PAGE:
Often neglected, the position of the writing paper can make a big difference in how comfortable your child is and how legible the handwriting they produce will be.
While this whole writing thing is a complicated business and takes a lot of time to perfect, setting up a good practice from the outset can save a lot of time and heartache in the future.
It’s much easier to create a good habit than it is to correct a bad one!
Here are some key points to consider when helping your child find a comfortable position for their paper when writing:
- Writing paper should be placed at about a 45° angle. The best angle will depend on several variables such as the position of the child’s body, the height of the seat, the height of the table, etc. Experiment with a few different positions to find the one most suitable for your child to write in.
- Make sure the paper isn’t positioned over the edge of the table. The elbow of the writing hand should be rested on the table, forming a triangle between the positions of the head, writing hand, and elbow.
- When placing a piece of paper on the table for your child to copy from, it should be placed to the left of the child for righthanded children and on the right for lefthanded children. This will help them to see clearly what is written on the paper.
- As the child fills up the page, they should avoid moving their writing hand down the page towards the edge of the table. Instead, encourage them to use their other hand to pull the page up in a direction away from their body while maintaining the correct angle of the paper. The writing hand should stay in the same position throughout the process.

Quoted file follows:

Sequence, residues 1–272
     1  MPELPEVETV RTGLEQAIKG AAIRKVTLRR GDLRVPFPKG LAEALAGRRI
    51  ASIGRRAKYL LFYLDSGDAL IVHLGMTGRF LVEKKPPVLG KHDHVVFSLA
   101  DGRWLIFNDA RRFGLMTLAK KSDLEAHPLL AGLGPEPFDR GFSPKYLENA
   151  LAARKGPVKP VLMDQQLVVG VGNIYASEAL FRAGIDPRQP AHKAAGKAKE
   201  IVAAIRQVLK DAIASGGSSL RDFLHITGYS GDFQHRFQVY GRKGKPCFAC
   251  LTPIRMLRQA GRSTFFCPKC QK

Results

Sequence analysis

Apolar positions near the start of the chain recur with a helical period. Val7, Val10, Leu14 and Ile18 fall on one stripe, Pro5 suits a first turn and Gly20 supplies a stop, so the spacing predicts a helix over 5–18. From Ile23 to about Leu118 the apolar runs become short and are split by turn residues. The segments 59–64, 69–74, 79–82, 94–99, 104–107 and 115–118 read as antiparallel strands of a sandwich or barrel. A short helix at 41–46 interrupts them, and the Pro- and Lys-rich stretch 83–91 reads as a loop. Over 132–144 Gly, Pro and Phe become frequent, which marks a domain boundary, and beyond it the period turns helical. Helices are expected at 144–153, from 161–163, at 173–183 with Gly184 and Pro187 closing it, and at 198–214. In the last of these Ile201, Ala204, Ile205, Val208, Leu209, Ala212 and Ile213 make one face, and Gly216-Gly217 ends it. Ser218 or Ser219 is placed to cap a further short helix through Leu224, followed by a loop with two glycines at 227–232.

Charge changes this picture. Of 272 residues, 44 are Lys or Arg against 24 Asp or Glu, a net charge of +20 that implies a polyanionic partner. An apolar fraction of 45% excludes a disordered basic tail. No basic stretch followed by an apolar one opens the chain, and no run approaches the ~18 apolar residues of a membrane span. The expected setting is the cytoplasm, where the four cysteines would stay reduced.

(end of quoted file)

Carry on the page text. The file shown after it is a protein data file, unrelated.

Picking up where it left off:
Pre-School Writing Tip 3: Write Your Name
Most educators understand that there is no set age for a child to begin to write independently. We all as individuals are on our own schedules.
It’s important not to rush our children. Putting too much pressure on them can develop resistance and have the complete reverse of the intended effect. Their teachers won’t be expecting them to show up for their first day of school as fully-formed Shakespeares! A softly-softly approach is best.
If your child is ready to write a word or two though, there can be few better places to start than with their first name.
The first step to learning to write their name is to begin to recognize the individual letters involved.
Take the time to point these out in their reading. If their name is Abby, for example, when reading a story together you might point out the letter A and say something like, “This is the letter ‘A’ and it’s the first letter in your name.”
Then, you could trace the outline of the letter with your fingers together on the page.
Once they are familiar with the letters of their name and have an idea of how these letters are formed correctly, it’s time to begin to learn to write them on paper with a pencil.
A good place to begin this is to create an outline of each letter using dots. Your child can then join these dots with their pencil to form the letters.
While the focus initially should be on just making a legible shape that is a recognizable cover version of the letter in question, over time you’ll want to ensure they form each letter correctly i.e. starting in the right place (e.g. top, middle, or bottom) and that the letters bear some sense of relative proportion to each other.
As the time to start school draws close, many ‘real-life’ opportunities will present themselves for your child to label items with their name. With your help, they’ll be able to label their lunchbox, coat, books, etc.
All this will go a long way to giving them confidence and pride in their abilities – not to mention in their name!
Pre-School Writing Tip 4: Understand That Letters Encode Sounds
One of the most effective and time-efficient ways for our children to learn to read and write is through the use of phonics. Phonics involves the relationship between sounds and their spellings. They also bridge the gap between reading skills and independent writing skills.